In the same template.php file as you defined the regions in, define a function _phptemplate_variables() (or use an existing one if there's one already defined). What you'll do here is assign region content to a specific theme call. When _phptemplate_variables() is called, it receives the theme argument as the $hook variable, for instance 'node'. So we can assign new regions to the node template like this:

<?php
function _phptemplate_variables($hook, $variables) {
 
// Load the node region only if we're not in a teaser view.
 
if ($hook == 'node' && !$vars['teaser']) {
   
// Load region content assigned via blocks.
   
foreach (array('inline1') as $region) {
     
$variables[$region] = theme('blocks', $region);
    }
  }
  return
$variables;
}
?>

Note that we're testing to make sure we aren't in a 'teaser' view, so that the region will be loaded only in a full node view.

Now, in your node template, you can include the region variable in your output. Here's the standard phptemplate node.tpl.php with an 'inline1' region added:

  <div class="node<?php if ($sticky) { print " sticky"; } ?><?php if (!$status) { print " node-unpublished"; } ?>">
    <?php if ($picture) {
      print
$picture;
    }
?>

    <?php if ($page == 0) { ?><h2 class="title"><a href="<?php print $node_url?>"><?php print $title?></a></h2><?php }; ?>
    <span class="submitted"><?php print $submitted?></span>
    <span class="taxonomy"><?php print $terms?></span>
    <div class="content"><div class="floatleft"><?php print $inline1?></div><?php print $content?></div>
    <?php if ($links) { ?><div class="links">&raquo; <?php print $links?></div><?php }; ?>
  </div>

Likely you'll want to add style declarations to the region, which you do as usual via the theme's style.css file. Here, for example, we could make the inline region float left:

div.floatleft {
  float: left;
}

Because a node's variables are passed to other node templates, you can also do your customized display in node-type templates.

And this same basic approach can be applied to any other themed area. This example assigns specific regions to nodes and comments:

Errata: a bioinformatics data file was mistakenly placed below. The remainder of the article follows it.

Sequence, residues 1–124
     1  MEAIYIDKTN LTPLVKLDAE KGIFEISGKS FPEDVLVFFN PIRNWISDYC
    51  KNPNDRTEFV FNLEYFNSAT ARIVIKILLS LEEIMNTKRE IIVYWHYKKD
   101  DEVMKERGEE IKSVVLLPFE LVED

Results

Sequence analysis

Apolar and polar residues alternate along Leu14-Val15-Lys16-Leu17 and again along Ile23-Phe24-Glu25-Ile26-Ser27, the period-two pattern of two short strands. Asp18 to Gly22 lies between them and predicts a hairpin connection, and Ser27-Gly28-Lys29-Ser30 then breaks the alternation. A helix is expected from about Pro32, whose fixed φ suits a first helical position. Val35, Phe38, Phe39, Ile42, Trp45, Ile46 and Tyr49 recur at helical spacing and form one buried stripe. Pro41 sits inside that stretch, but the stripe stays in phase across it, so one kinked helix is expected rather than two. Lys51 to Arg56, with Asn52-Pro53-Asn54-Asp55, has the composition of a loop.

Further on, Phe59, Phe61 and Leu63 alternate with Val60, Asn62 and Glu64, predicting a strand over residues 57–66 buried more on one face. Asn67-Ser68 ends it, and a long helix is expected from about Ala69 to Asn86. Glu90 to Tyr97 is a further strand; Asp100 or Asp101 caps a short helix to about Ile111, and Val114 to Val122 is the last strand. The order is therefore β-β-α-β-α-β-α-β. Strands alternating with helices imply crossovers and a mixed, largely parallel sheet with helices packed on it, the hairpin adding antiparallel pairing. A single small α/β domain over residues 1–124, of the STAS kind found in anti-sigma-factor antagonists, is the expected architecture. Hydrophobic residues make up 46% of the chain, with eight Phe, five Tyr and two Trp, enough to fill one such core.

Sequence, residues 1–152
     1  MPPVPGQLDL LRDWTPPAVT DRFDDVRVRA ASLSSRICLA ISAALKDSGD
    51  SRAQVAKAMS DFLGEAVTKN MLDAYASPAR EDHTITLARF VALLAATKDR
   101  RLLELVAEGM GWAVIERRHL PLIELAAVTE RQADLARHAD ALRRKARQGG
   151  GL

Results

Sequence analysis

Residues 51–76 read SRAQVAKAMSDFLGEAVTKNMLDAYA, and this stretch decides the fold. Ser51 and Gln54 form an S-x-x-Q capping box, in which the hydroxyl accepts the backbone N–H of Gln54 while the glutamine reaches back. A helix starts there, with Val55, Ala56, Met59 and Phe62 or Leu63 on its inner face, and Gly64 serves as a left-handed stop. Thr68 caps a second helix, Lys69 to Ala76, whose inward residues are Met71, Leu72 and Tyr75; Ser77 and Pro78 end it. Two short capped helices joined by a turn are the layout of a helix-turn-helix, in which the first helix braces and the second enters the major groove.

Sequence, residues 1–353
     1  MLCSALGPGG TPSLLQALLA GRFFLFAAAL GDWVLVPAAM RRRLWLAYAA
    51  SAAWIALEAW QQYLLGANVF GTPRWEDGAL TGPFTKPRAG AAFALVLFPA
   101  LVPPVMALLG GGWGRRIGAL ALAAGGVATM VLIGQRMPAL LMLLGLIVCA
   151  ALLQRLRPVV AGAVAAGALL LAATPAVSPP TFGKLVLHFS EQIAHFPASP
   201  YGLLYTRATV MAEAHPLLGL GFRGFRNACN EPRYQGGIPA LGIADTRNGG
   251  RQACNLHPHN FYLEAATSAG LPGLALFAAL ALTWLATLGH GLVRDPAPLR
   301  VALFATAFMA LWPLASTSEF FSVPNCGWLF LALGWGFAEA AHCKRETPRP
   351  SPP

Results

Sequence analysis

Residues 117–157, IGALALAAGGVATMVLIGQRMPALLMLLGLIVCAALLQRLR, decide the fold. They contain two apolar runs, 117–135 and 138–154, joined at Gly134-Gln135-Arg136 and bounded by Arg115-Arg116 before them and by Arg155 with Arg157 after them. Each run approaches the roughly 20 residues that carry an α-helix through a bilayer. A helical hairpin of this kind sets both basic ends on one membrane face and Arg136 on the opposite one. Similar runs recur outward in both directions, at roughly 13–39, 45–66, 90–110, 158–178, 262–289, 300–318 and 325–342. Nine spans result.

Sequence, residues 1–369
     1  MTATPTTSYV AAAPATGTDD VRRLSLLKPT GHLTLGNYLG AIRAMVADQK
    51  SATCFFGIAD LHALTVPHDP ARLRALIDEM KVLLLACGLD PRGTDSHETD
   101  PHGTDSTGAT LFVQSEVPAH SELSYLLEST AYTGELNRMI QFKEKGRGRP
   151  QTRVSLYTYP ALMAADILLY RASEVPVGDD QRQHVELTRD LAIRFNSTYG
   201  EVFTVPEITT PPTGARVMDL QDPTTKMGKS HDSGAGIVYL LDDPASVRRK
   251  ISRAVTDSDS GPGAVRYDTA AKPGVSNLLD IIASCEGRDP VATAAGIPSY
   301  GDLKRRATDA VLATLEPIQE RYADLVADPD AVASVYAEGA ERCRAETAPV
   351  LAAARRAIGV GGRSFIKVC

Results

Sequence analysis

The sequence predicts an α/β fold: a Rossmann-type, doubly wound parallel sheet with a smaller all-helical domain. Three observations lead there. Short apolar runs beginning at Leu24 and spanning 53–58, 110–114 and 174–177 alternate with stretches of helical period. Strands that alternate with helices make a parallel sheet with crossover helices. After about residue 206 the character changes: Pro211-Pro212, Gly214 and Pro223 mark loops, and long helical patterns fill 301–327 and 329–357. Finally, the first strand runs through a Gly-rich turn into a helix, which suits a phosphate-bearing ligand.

<?php
function _phptemplate_variables($hook, $variables) {
 
// Load region content assigned via blocks.
  // Load the node region only if we're not in a teaser view.
 
if ($hook == 'node' && !$variables['teaser']) {
    foreach (array(
'node1', 'node2') as $region) {
     
$variables[$region] = theme('blocks', $region);
    }
  }
  else if (
$hook == 'commment') {
    foreach (array(
'comment1', 'comment2') as $region) {
     
$variables[$region] = theme('blocks', $region);
    }
  }
  return
$variables;
}
?>

Regions without blocks

If you want to assign content to regions but not have it output via blocks, do so with the drupal_set_content() function. This allows you to bypass the regular block system. Try something like this:

Set content to regions
In your module code, set content to the regions. You can use region names that aren't listed in your themename_regions() array. That way, the regions won't be available for blocks, and so won't end up with block content in them. Say your regions are called 'region1' and 'region2'. In your module code, do this:

<?php
$output
= 'whatever';
drupal_set_content('region1', $output);
?>

In a template.php file, set a variable and assign the region content to it.

<?php
function _phptemplate_variables($hook, $variables) {
 
// Load region content assigned via drupal_set_content().
 
if ($hook == 'page') {
    foreach (array(
'region1', 'region2') as $region) {
     
$variables[$region] = drupal_get_content($region);
    }
  }
  return
$variables;
}
?>

Output your content
In your page.tpl.php file, output the regions where you want them:

<?php
 
print $region1;
?>